Infliximab skin eruption

At a Glance:

  • Authors detail the off-label use of upadacitinib for the concurrent treatment of a drug-induced psoriasiform dermatitis and ulcerative colitis in a pediatric patient.
  • Upadacitinib is FDA-approved for the treatment of adult rheumatoid arthritis, psoriatic arthritis, ankylosing spondylitis, and both pediatric and adult atopic dermatitis (AD).
  • The patient in this case benefitted from a change from infliximab therapy to upadacitinib, seeing an improvement the psoriasiform skin reaction that sometimes occurs from infliximab infusion.

Infliximab is a chimeric IgG monoclonal antibody that binds tumor necrosis factor alpha (TNF-a), inhibiting binding of the cytokine and its receptor.1 This drug is commonly used to treat immune-mediated diseases, such as psoriatic arthritis, psoriasis, and inflammatory bowel disease (IBD). By preventing TNF-a from activating its receptor, infliximab reduces damage caused by overactivation of the inflammatory cascade characteristic of these diseases.1,2 The most common reported cutaneous side effects are psoriasiform reactions, skin infections, and eczematous manifestation.3

Our case demonstrates the effective concomitant treatment of a patient with ulcerative colitis (UC) affected by infliximab-induced psoriasiform dermatitis with upadacitinib (Rinvoq, Abbvie). This medication has been approved by the FDA for treatment of adult rheumatoid arthritis, psoriatic arthritis, ankylosing spondylitis, and both pediatric and adult atopic dermatitis (AD). It was approved for treatment of UC in 2022.4 This medication is a Janus kinase (JAK) inhibitor, specifically targeting JAK1.4,5 Activation of the JAK/STAT pathway regulates gene transcription involved in the pathogenesis of several diseases including UC.5 This case demonstrates the effective concomitant treatment of pediatric UC and an infliximab-induced dermatitis with upadacitinib.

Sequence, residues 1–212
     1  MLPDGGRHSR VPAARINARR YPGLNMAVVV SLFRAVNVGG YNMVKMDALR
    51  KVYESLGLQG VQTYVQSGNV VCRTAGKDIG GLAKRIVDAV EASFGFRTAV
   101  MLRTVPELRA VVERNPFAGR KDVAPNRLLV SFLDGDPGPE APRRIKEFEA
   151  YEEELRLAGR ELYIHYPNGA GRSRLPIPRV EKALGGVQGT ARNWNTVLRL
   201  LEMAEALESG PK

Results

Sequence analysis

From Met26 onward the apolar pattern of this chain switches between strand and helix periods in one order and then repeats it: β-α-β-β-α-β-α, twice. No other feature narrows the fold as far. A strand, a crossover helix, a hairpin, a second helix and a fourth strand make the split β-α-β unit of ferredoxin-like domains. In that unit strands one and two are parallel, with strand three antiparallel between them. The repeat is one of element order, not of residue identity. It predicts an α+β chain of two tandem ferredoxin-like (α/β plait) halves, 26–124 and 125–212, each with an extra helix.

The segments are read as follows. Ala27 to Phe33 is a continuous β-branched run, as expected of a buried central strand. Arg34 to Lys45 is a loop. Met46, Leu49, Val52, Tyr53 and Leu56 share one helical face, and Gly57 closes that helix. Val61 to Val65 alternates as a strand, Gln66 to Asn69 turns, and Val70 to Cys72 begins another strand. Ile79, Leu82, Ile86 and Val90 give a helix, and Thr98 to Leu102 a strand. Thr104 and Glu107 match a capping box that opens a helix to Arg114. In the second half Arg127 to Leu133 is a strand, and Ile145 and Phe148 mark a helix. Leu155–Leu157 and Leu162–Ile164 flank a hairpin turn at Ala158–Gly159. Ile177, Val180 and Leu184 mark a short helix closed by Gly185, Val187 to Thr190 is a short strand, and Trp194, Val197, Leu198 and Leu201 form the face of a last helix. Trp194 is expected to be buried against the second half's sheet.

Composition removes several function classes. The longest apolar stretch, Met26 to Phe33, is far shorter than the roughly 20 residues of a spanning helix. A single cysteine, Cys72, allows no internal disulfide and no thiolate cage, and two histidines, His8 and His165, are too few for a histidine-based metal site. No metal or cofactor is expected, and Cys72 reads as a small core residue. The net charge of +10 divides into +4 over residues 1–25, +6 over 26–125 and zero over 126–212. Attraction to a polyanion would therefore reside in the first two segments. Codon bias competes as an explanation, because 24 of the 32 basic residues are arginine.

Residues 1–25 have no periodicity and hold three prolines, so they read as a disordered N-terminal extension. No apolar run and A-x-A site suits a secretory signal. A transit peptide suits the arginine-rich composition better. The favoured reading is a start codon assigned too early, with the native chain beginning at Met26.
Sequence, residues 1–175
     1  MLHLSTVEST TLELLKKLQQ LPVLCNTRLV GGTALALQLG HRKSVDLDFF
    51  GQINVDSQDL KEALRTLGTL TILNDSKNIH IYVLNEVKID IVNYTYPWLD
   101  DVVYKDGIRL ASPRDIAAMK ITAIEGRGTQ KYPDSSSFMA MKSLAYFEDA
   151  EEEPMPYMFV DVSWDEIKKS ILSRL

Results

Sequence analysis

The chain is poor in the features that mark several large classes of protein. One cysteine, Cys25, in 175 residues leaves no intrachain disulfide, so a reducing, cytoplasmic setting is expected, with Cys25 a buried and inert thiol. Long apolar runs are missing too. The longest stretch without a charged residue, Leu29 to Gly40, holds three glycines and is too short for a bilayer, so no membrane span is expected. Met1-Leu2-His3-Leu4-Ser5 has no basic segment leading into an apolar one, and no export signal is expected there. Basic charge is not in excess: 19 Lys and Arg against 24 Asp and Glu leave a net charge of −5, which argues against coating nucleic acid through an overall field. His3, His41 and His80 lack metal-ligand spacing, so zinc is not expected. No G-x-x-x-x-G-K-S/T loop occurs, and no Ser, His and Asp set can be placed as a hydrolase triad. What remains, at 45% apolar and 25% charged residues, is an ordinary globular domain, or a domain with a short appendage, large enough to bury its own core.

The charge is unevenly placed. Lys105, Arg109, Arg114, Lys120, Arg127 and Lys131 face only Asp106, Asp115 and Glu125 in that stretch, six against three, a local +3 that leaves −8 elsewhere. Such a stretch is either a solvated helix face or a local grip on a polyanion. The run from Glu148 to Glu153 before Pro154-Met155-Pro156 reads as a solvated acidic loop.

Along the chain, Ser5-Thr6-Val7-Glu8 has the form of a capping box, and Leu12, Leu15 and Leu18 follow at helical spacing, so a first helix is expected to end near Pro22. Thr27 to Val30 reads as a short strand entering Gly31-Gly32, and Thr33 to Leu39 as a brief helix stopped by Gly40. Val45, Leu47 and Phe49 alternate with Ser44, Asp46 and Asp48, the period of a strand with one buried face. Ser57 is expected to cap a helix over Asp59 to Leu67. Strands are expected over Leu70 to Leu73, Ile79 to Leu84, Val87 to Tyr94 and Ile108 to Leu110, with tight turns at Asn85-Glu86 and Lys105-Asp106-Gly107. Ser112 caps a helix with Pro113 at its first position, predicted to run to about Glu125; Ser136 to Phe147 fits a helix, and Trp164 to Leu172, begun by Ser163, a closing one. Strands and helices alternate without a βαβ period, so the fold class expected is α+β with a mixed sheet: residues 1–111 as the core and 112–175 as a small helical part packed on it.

Case Report

A 10-year-old African American female with a history of UC treated with bimonthly infliximab infusions presented with a two-month history of a rash that started behind the ears, slowly spreading to the nose, scalp, periumbilical and groin areas. Her pediatrician prescribed terbinafine due to suspicion of a fungal infection. Several days later, the patient experienced a pruritic, papular exanthem, prompting terbinafine discontinuation and an emergency department visit.

The patient presented to the emergency department with areas of erythema consistent with a dermatophytic-like reaction to the scalp along with diffuse dried skin on the scalp and posterior ears bilaterally (Figure 1). She also had a scaling, papular rash to the forehead, chest, groin, and lower extremities bilaterally (Figure 2). This eruption began after her last infliximab infusion.

Dermatology was consulted and obtained punch biopsies of the upper and lower extremities. Pathology demonstrated psoriasiform epidermal acanthosis with mild spongiosis and exocytosis of lymphocytes. Both samples exhibited superficial perivascular and interstitial lymphohistiocytic infiltrate (Figures 3,4). Each biopsy was negative for fungal microorganisms. Further pathology studies were correlated with available clinical images. The patient was diagnosed with TNF-a induced psoriasiform dermatitis. The differential diagnosis included drug-induced or atypical pityriasis rubra pilaris.

The patient was started on oral corticosteroids and topical triamcinolone regimen, demonstrating interval improvement of her eruptions at three weeks. Six weeks after the initial visit, the patient completed the oral steroid taper without complication and had significant improvement of her skin eruption, especially in the scalp. She continued to use a topical steroid medication. After consulting with pediatric gastroenterology, the patient was switched from infliximab to upadacitinib for concomitant treatment of the skin eruption and UC. She demonstrated significant improvement to the trunk, extremities and head with the medication initiation and continued remission of both diseases at maintenance dosing. At her one- and three-month follow-up appointments after initiating upadacitinib, the patient had no evidence of new drug-induced eruptions. She tolerated the medication well, apart from occasional diarrhea.